Wednesday, September 27, 2006

Art Brain

A couple months back I was standing in my back yard in San Antonio thinking about the ants in Once and Future King when I realized how much art has added to my life. I spend an unaccountable amount of time thinking about film, T.V., books, music. It's those stories, those moments that inform how I look at my world.

Since I finished college I hadn't been able to bring myself to watch or read almost anything new. This started at a time when a lot of who I am was up in the air - I was living in a new city, working for the first time after 18 years of school, hanging out with some crazy bastards. I didn't have any furniture, I didn't know how to do anything, and it was the first time in six, seven years that I'd had all my stuff in the same place at the same time. I had chaos aplenty.

I needed stability, and, as a result, the only stuff I read or watched was things I'd seen before. I read books I knew I could rely on - Fear and Loathing, The Crime Studio, Paul Auster's New York Trilogy, My Family and Other Animals.

I watched a lot of animated kid's movies - Miyazaki, Pixar. I still have Lilo & Stitch saved on my TiVo. I'd TiVo new movies but I couldn't bring myself to watch them. I must have read Narbonic five times. And my taste in music is definitely defined by its limits.

I love this stuff, but, come on, there's a lot I'd been missing out on. I didn't really understand how important Wes Anderson was until a roommate made me watch Life Aquatic and I finally went ahead and took a look at Royal Tenenbaums, probably the most important divorce movie of our age (with apologies to Dustin Hoffman). Shit, I barely made it to Brick, and that earned a good 1,400 words, like, twice.

So I haven't abandoned my nostalgia quest, but I've started taking a look at some new stuff. Well, new-to-me. I'm taking it pretty easy - kids' books, pilots, short fiction. But one idea, a single idea, can change my life. It's worth taking a look.

Monday, September 18, 2006

A Tiny Little Update on My Career

Okay, I have to be up in 6 1/2 hours, so I'll make this quick.

I recently read this book where a woman has been having this long-time semi-relationship with this divorced man and about 3/4 of the way through the book she has a moment where she thinks, for the first time, "How long am I going to stay with this guy? Why am I doing this? How long will I indulge him?" That very night, she meets someone else.

Lately I've been having that moment with my job.

Being a PA on a small, (relatively) well-run independent feature was a lot of fun. This week, though, I'm working on a commercial for a major company with a major ad firm and a serious production company. Commercial work is supposed to be what aspiring PAs want to do in the sense that it is easier (for the most part) and it pays the bills (at least it pays better than a lot of other PA gigs.)

However, it's not as much fun. Well, I should preface by saying that I still am not the most experienced of PAs, and I still love my job and all, but, yeah, not as much fun.

A PA's time is the least valuable time in any production, but a lot of times on this particular production I feel like a leftover resource, an afterthought. Now, the power of a commercial is that it's well-funded and it can afford to let some resources idle while it focuses on more important things. Commercials are, in a way, a subsidy to the people that keep small, independent projects going.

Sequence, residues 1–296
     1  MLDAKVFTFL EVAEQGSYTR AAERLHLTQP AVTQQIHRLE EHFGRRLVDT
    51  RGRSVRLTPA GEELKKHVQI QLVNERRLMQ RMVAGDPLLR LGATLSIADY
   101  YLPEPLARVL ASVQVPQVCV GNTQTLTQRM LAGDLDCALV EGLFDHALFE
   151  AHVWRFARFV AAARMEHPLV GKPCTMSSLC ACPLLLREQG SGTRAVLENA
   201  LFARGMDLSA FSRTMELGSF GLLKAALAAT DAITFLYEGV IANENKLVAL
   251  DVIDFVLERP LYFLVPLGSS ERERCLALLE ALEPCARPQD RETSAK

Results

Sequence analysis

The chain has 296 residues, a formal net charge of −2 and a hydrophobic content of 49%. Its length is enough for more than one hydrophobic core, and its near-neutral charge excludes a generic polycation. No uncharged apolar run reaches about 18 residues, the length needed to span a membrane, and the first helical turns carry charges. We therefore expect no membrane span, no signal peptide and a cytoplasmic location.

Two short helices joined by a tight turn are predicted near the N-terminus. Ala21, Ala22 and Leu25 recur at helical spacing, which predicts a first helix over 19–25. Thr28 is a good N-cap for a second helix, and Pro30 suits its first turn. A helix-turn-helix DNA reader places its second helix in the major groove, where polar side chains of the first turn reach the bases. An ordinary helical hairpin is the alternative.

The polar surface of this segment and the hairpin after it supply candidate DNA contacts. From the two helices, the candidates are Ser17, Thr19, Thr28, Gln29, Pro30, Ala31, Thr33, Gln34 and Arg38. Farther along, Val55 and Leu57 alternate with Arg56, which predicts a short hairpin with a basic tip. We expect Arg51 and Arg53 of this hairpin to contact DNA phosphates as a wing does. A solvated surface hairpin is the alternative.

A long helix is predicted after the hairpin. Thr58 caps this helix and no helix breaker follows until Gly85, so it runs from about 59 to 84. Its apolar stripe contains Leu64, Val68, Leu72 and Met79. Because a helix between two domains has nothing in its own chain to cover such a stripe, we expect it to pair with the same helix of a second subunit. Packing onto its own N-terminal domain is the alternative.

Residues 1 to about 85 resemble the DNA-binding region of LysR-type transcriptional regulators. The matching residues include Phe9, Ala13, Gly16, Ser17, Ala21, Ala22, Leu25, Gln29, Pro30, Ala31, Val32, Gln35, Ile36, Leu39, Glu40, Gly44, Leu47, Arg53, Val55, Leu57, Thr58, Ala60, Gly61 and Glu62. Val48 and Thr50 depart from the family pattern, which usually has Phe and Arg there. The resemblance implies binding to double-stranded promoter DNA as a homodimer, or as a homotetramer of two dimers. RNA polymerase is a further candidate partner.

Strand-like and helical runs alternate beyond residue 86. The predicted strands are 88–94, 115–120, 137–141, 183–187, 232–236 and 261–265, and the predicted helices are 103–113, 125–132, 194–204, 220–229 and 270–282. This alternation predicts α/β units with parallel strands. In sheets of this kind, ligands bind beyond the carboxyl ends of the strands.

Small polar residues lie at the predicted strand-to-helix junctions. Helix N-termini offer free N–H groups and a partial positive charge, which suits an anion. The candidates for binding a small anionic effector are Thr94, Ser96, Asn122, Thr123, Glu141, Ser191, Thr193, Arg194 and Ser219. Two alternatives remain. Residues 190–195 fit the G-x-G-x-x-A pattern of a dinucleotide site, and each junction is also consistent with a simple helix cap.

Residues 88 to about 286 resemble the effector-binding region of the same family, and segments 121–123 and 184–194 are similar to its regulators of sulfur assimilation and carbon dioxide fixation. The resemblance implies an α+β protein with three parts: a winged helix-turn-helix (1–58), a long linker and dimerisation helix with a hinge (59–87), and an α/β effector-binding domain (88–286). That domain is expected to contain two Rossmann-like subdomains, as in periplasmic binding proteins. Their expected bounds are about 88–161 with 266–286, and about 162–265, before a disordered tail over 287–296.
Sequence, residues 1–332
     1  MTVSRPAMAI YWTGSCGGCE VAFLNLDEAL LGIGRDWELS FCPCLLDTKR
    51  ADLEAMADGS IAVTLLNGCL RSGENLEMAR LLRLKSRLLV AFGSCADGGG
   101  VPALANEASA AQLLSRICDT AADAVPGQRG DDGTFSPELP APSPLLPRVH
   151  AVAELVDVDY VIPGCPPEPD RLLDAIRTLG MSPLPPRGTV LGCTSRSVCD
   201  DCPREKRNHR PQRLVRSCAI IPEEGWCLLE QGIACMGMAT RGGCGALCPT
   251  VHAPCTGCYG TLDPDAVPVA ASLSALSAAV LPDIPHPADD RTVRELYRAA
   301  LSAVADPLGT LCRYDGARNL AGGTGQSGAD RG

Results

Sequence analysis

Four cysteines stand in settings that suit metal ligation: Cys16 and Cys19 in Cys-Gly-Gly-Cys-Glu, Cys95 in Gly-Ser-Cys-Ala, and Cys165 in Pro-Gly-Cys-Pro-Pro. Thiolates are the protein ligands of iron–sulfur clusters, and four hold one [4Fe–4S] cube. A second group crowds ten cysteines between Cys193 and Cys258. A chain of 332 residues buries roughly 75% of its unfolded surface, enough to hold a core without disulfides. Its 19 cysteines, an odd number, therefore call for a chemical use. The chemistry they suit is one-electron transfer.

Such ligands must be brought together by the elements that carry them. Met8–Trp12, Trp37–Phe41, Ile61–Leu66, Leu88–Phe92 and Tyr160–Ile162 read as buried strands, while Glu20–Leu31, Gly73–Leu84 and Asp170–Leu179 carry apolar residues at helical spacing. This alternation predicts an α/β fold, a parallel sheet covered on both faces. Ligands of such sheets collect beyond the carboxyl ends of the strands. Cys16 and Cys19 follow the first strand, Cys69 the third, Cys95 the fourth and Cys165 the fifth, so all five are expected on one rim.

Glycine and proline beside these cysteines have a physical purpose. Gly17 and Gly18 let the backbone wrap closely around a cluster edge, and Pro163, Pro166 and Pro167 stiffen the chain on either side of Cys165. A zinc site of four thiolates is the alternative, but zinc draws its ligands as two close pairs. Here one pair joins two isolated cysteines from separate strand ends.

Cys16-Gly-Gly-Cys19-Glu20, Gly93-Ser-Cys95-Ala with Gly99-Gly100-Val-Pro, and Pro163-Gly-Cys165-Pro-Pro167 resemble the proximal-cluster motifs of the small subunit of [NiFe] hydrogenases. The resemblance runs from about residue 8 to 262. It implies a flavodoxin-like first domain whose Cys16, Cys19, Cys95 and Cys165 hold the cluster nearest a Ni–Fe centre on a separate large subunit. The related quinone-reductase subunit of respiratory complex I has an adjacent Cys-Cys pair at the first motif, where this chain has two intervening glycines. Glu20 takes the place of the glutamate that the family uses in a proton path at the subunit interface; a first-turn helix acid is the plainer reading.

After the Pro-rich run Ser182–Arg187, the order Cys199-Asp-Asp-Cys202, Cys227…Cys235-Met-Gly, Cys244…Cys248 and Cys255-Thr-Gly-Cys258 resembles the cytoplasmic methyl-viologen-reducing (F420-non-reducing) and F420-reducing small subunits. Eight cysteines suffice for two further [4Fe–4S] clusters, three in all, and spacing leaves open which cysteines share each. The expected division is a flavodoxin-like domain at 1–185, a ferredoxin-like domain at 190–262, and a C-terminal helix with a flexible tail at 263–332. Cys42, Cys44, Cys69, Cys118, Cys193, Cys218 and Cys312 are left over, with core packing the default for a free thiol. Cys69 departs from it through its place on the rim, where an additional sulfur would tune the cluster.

But I never show up to a film set to get paid, I show up to work. When I'm not working, I get tired, listless and lazy. I'd like to think that I'm willing to do almost any task, but once I've been idling for awhile, I lose my edge, I stop anticipating problems.

Plus there's the fact that literally everyone outranks me and knows it (especially the guys who have been in this business as long as I've been alive). Most people are nice to PAs because they've been there and they understand our responsibilities. Some aren't because PAs are powerless and easy to fuck with. And because noone knows who to trust on the first day, I constantly have to prove I'm not a screw up until people get comfortable with me and start to understand who I am.

PAing commercials is supposed to be the peak of PAing life because it's more money for less work. However, I don't really need the money at the moment, and I like doing a bit more work. So if I'm here at what's supposed to be the top of the PAing business and finding it unsatisfying, what am I doing still being a PA?

Thursday, September 14, 2006

Standing, Sitting, Lying Down

I realized yesterday that I have spent a lot of time on my current production looking for a place to sit down. This is not normal for me and certainly not a good sign for this production, but so many warning signs have gone up on this thing already that it's a wonder it hasn't ground to a halt just from the weight of them. A PA's time is supposed to be the least valuable time on set. If PAs aren't working, then no one's working, and if no one's working, you're not making a movie.

That said, I found a killer place to sit down yesterday. My assignment was to make sure pedestrian traffic kept moving on Broadway despite all the equipment we'd set up in anticipation of the arrival of the star. As his arrival turned out to be an hour coming despite, for example, the hotel being 10 minutes away, I had plenty of time to figure out where to sit.

At first I was sitting on an applebox, but I stood up for a minute and an assistant camera-type snagged it. Then the only thing I could get to without leaving my ever-important post was a USA Today newspaper box, but it was too high for me to get on top of without tipping the damn thing over and ending up on my face. So, after several minutes of planning, I opened the box for a free newspaper (something about Trump real estate), stuck a foot in there, and used it as a step to get on top of the USA Today box. Pretty badass, nacht?

Sunday, September 10, 2006

ribble's almost impossibly tired

Here's what happened to me this week: I started working for the electric department on this Bollywood film. Er, unofficially. Electric (so far) seems to involve a lot of plug-and-play equipment (as opposed to, say, the lighting department, which involves a lot of large, awkward, complicated equipment with sharp edges.)